DIY: HOW TO MAKE A HOMEMADE LIVE RABBIT TRAP

This is a guide to creating a homemade rabbit trap. This trap keeps the rabbit alive and unhurt, unlike other traps.

It also gives me the chance to show off my mad MS Paint skillz.

So let’s begin!

WHAT YOU WILL NEED:

(The dimensions of these items are somewhat arbitrary, and others can be used. The important thing is that the items that are meant to be equal in length remain that way with any changes).

Equipment:

1)      4 wood posts 12” in length, 1.5” wide and .5” thick

2)      4 steel rods 32” in length, 4mm in diameter

3)      4 steel rods 11” in length, 4mm in diameter

4)      An 11” x 10” piece of plywood (for the door)

5)      A 9” x 3” piece of plywood (for the trigger)

6)      3 screw eyes 5 mm in diameter

7)      A roll of wire mesh, 1m in width

8)      A roll of thick wire

9)      A roll of string

10)   Cable ties

Tools:

1)      A drill with 4mm bit

2)      A staple gun

3)      Wire cutters

4)      Hammer

5)      A large piece of wood to help fashion the mesh

PUTTING IT TOGETHER:

figure 1

Making your posts

1)      Take one of your wood posts. On one of the .5” sides (the thinnest sides), drill a hole an inch from one of the ends. Don’t drill all the way through- instead stop 4/5ths of the way in.

2)      Flip the board over to the left, so that the wide side directly to the right now faces up. Drill another hole an inch from the end, ¾” in from the thin side you previously drilled. Again, don’t drill all the way through, instead stopping 4/5ths in. The two holes will join.

3)      Repeat the same process on the other end of the wood post (The holes should be drilled on the same sides). (See figure 1)

4)      Repeat the process for the other 3 posts.

Making the Door and Frame

1)      Take the 11” x 10” piece of plywood. Screw 2 screw eyes into one of the 10” sides. The screw eyes should be about 2” from the edge, and in line with each other.

2)      Run one of the 11” steel rods through the screw eyes. Connect each end of the steel rod to a hole on the wide side of a wood plank.

figure 2

3)      Run a steel rod across the bottom of the plywood door, parallel to the steel bar that the screw eyes run through. Connect the rod to the two holes on the bottom of the wood planks. This rod should block the door from swinging forward.

4)      Taking the last two wood posts and 11” steel rods, create a similar frame, but without the plywood door.

5)      Connect these two frames with the 32” steel rods, creating a rectangular frame (see figure 2).

Shaping Your Mesh

1)      Roll out a portion of the wire mesh.

2)      Measure 12” in. Use your extra piece of wood and hammer to fold this point upwards at a 90 degree angle.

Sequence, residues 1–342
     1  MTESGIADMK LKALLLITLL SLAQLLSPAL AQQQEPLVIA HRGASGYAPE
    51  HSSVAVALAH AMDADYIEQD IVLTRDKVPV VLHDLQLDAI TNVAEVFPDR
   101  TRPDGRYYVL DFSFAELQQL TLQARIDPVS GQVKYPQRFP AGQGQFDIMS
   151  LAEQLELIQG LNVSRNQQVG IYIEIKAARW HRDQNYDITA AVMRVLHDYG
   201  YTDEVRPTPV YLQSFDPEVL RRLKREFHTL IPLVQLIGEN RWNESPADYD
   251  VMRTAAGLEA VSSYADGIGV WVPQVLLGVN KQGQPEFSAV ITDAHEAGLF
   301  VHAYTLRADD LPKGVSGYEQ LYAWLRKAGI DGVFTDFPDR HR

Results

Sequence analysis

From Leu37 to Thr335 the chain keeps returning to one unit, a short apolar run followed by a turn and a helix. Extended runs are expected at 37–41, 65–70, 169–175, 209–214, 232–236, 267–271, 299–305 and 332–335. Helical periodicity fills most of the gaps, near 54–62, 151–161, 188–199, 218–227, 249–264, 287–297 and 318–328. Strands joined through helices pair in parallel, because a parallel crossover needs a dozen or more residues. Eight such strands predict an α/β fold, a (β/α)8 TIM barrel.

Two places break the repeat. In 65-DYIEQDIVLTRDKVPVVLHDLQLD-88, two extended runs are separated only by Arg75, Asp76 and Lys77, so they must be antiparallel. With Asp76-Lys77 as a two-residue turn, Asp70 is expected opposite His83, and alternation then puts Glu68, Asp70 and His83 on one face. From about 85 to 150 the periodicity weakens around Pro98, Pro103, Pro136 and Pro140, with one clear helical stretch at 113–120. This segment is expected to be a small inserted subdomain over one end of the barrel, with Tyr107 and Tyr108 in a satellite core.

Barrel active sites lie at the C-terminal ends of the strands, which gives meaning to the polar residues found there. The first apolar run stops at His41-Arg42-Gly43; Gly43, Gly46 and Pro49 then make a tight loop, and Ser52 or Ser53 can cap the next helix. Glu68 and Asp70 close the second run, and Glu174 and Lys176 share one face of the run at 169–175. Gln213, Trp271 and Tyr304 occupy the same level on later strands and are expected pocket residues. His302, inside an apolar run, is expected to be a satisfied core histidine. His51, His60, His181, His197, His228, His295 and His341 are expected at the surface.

3)      Measuring another 12” in, fold the mesh upwards again at a 90 degree angle.

4)      Repeat #3 one more time.

5)      Measure off a final 12”, then using the wire cutter cut the mesh at this point.

6)      You now have a wire mesh cage that can wrap around your wood and steel rod frame, but you will need to trim the excess length (it will be about 8 inches off of one side).

7)      When the length matches that of the frame, use the cable ties and staple gun to attach the wire mesh to each of the 4 posts.

8)      Cut a final 12”x 11” piece of wire mesh, to cover the remaining open side (opposite the door). Connect this piece of wire mesh to the wooden posts and other wire mesh piece securely.

9)      Cut off some of the thick wire and fashion a handle, tying it to the top of your cage.

figure 3

Adding the Trigger

1)      Open the door and put it right up against the top of the mesh cage. Through the mesh, insert a screw eye into one the corners of the door. Make sure the screw eye is in the center of a mesh hole, so that there is no chance it might touch the mesh.

2)      Take the 9” x 3” piece of plywood. Drill 3 holes along one of the lengths. Drill one hole in one of the corners (see figure 3).

3)      Using 3 cable ties, tie the three holes on the trigger to the floor near the back of the cage. Keep them loose, so the trigger can easily move up and down. Make sure the remaining hole in the corner of the trigger is on the opposite side of the key screw on the door.

figure 4

4)      Cut a piece of wire about 3” long. Create a loop about one inch in.

5)      Tie a piece of string to the remaining hole on the trigger. Lift the string up, so the trigger lies at around a 45 degree angle (see figure 4) and run it through the roof of the cage.

6)      Run the string along the roof of the cage. When in line with the key screw on the door, loop the string through the wire mesh, and run it sideways.

figure 5

7)      Tie the string to the loop on the wire you made in step #4. The string should be long enough so that the trigger sits at a 45 degree angle, and the wire sits in the door screw key with about an inch to spare (see figure 5).

8)      When the trigger is pushed down, it should pull the string and pull the wire out of the door’s screw key, causing the door to close.

USING IT:

1) Let the trap sit outdoors for a few days to get rid of any human smell.

2) Put on gloves when taking the trap out for use.

3) Place the trap in an area frequented by rabbits.

4) Place a carrot at the back of the cage, and set up the trigger and rope.

5) Check your trap every day to see if you have caught a rabbit. The more traps you set, the greater your chances are.

6) To open the trap door, roll the cage upside down.

FOR RELATED ARTICLES, CHECK OUT A GUIDE TO HUNTING AND TRAPPING RABBITS AND HOW TO MAKE A RABBIT SNARE.

Good luck and stay prepared!

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